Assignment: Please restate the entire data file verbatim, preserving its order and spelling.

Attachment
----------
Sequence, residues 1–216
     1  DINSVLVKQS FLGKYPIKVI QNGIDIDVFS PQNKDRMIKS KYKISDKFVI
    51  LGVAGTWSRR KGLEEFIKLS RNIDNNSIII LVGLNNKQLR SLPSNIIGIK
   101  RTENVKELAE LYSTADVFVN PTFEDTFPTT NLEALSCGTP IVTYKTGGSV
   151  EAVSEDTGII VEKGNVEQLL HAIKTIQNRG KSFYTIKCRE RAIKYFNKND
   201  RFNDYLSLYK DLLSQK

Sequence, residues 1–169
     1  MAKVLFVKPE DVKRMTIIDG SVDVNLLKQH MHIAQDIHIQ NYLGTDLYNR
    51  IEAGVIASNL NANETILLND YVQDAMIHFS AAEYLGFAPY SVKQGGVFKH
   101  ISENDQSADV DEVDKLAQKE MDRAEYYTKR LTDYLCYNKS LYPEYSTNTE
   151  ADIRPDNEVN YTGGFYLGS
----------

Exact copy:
Sequence, residues 1–216
     1  DINSVLVKQS FLGKYPIKVI QNGIDIDVFS PQNKDRMIKS KYKISDKFVI
    51  LGVAGTWSRR KGLEEFIKLS RNIDNNSIII LVGLNNKQLR SLPSNIIGIK
   101  RTENVKELAE LYSTADVFVN PTFEDTFPTT NLEALSCGTP IVTYKTGGSV
   151  EAVSEDTGII VEKGNVEQLL HAIKTIQNRG KSFYTIKCRE RAIKYFNKND
   201  RFNDYLSLYK DLLSQK

Sequence, residues 1–169
     1  MAKVLFVKPE DVKRMTIIDG SVDVNLLKQH MHIAQDIHIQ NYLGTDLYNR
    51  IEAGVIASNL NANETILLND YVQDAMIHFS AAEYLGFAPY SVKQGGVFKH
   101  ISENDQSADV DEVDKLAQKE MDRAEYYTKR LTDYLCYNKS LYPEYSTNTE
   151  ADIRPDNEVN YTGGFYLGS